Buddy & Porky’s Pet Health: Pet Products and the Environment

Dear Porky and Buddy,

I have been thinking a lot lately about how I can do small things in my own life that are better for the environment. (I’ll admit, it’s primarily so that when I complain about what the government and big corporations are doing to hurt the environment, I will have some credibility, and I do complain about that a lot!) Anyway, back to my point, what I don’t know much about is the impact of pets and especially pet products on the environment. Are there things I should be doing about that that will make a difference?


Dear Sam,

Let us first point out that, for the most part, pets do not drive cars. (Yes, we know that dogs would if they could but they can’t.) They do not dump toxic chemicals into rivers. And they never ever send anyone any junk mail.

That said, yes of course there are things that YOU can do that will be good for the environment and for your pets. Here are some ideas.

When you do your spring cleaning, before you throw a bunch of weird stuff away, consider whether it might be recycled. Call your local animal organization and ask if they need old towels, bedding, leashes, litter boxes and pet toys. Are there strange gifts lurking in your closet that they could use for amusing additions to their fund raising auctions or yard sale?

Give your pet tap water instead of bottled to drink. If you must use bottled, be sure to recycle.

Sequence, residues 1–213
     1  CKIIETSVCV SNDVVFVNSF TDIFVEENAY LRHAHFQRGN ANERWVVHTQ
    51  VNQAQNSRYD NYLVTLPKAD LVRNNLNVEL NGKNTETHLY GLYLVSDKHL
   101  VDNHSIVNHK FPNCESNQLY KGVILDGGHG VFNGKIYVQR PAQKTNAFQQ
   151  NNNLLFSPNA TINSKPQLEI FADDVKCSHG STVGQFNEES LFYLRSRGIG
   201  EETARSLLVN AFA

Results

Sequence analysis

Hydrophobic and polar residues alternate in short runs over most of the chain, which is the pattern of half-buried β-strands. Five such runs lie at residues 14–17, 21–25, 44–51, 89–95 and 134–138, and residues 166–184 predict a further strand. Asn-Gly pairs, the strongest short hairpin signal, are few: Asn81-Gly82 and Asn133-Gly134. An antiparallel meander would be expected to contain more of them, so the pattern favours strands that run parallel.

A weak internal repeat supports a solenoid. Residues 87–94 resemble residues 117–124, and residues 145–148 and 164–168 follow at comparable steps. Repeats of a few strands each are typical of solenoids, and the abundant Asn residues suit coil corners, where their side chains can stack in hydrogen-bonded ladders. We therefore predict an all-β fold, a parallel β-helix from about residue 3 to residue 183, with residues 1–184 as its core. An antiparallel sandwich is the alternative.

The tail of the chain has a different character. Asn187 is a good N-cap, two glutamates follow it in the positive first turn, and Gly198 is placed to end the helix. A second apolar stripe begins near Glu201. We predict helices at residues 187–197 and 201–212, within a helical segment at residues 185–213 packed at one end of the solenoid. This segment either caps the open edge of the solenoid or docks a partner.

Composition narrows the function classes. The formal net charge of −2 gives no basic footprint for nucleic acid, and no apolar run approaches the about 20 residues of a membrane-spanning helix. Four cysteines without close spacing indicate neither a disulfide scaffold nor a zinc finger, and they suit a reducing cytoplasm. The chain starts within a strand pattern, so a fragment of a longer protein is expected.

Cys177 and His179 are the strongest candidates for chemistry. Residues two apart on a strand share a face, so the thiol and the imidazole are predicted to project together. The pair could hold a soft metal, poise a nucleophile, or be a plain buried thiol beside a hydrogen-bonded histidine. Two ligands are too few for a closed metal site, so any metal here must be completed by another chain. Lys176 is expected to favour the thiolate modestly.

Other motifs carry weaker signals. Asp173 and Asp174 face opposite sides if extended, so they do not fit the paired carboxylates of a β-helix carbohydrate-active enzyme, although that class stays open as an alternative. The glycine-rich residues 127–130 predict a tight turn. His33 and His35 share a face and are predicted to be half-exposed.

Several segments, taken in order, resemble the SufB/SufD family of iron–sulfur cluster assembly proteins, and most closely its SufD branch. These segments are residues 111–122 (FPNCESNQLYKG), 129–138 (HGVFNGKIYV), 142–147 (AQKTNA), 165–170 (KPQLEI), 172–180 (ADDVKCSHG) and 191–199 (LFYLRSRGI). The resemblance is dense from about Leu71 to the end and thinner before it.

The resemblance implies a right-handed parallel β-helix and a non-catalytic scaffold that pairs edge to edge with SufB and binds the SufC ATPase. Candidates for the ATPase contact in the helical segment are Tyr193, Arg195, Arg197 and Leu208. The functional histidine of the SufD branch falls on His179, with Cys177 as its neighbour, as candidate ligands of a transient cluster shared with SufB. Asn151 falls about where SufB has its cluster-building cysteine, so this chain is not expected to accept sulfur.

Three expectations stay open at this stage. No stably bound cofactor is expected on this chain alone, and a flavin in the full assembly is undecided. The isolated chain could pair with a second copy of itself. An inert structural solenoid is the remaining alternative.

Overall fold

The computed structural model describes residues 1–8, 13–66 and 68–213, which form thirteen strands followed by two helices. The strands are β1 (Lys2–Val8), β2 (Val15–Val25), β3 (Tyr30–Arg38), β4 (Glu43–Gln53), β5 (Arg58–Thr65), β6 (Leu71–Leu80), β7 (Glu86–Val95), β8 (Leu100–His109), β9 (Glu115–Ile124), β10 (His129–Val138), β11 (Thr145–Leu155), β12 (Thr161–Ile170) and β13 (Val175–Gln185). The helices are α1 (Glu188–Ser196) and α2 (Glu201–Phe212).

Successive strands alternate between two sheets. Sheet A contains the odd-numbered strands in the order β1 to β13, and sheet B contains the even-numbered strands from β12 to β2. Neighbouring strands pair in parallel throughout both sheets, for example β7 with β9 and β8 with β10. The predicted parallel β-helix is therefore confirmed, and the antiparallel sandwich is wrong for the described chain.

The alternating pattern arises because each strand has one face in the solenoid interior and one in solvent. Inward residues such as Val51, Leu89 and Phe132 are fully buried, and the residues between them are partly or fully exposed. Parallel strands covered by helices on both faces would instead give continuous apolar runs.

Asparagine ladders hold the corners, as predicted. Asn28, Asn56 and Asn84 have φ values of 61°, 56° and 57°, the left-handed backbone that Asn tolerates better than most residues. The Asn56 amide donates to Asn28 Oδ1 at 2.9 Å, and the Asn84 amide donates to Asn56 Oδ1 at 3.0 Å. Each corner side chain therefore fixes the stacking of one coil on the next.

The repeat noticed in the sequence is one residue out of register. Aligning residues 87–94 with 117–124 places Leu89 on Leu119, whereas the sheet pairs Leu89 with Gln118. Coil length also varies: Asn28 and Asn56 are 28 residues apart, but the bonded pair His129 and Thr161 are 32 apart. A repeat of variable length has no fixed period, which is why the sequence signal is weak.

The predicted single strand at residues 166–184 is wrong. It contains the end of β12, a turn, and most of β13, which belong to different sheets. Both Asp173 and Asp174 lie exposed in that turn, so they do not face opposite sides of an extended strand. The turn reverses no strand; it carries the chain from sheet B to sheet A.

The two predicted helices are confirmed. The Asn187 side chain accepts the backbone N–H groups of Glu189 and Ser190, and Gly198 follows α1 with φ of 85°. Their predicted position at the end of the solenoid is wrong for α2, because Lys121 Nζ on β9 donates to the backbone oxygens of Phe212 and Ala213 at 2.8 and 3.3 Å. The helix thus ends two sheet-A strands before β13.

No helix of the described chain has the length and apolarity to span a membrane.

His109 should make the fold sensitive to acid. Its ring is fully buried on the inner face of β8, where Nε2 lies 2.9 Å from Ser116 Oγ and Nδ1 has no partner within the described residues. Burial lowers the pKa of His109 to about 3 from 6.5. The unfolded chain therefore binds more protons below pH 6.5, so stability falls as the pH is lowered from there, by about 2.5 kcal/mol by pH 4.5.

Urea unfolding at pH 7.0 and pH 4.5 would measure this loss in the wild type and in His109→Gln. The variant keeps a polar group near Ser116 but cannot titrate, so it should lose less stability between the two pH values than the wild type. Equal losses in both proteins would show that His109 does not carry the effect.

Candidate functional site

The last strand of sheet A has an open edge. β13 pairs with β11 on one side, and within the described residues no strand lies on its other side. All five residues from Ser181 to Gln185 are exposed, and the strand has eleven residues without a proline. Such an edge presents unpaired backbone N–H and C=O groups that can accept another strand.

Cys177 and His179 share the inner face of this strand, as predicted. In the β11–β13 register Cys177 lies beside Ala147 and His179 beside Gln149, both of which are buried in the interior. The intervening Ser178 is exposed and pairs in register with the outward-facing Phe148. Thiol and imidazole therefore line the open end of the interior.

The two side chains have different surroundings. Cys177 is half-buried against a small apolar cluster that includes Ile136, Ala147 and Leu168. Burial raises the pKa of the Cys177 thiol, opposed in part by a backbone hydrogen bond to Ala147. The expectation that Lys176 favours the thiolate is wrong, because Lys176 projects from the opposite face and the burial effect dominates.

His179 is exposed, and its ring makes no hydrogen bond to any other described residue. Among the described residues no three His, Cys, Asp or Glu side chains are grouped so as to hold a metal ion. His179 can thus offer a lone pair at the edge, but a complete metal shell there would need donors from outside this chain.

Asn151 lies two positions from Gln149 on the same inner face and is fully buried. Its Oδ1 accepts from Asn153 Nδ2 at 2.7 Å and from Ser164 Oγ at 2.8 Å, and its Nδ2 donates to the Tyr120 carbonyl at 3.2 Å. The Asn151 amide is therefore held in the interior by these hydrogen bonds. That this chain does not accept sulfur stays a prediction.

Scoop dog poop with biodegradable bags instead of plastic bags from the grocery store. If you have a lawn, do some research on doggie septic systems—they help keep your lawn free of smelly surprises and break waste down into a liquid the ground can absorb.

Look for eco-friendly cat litters, avoiding brands with mined minerals. And use earth-friendly pet shampoos and grooming products whenever possible. The labels are pretty clear about that nowadays.

Use diluted vinegar instead of bleach to clean up pet “accidents.” This environment-friendly liquid can act as an effective odor-remover and can kill mold and bacteria.

Instead of using a blow dryer to dry your freshly bathed pet, towel or air dry him.

Walk your dog to the park rather than driving there.

Consider making your own healthy dog biscuits and storing them in reusable containers. If you purchase store-bought treats, buy them in cardboard packaging and be sure to recycle.

Buy pet supplies in bulk or the largest available size. You’ll make fewer trips to the store and cut down on packaging to discard.

Do you see the trend here? You can save money, have more fun with your pets, help the environment, and be totally self-righteous about it. What could be better?

And speaking of saving money and helping the environment, turn your heat down and adopt a pet to keep you nice and warm instead! Come to our “Warm Up Oswego” Adoption Day on Saturday, February 5th from 11 to 2 at the YMCA Armory, 265 West First Street, Oswego. There will be lots of WARM cuddly pet s to meet and admire, treats for kids, and coffee and cookies. What could be better in February in Oswego?
The Oswego County Humane Society provides spay/neuter services and assistance, fostering and adoption of animals in urgent need, humane education programs, and information and referrals to animal lovers throughout Oswego County. Our office is located at 265 West First Street, Oswego, New York. Phone (315) 207-1070. Email:[email protected] Website: www.oswegohumane.org.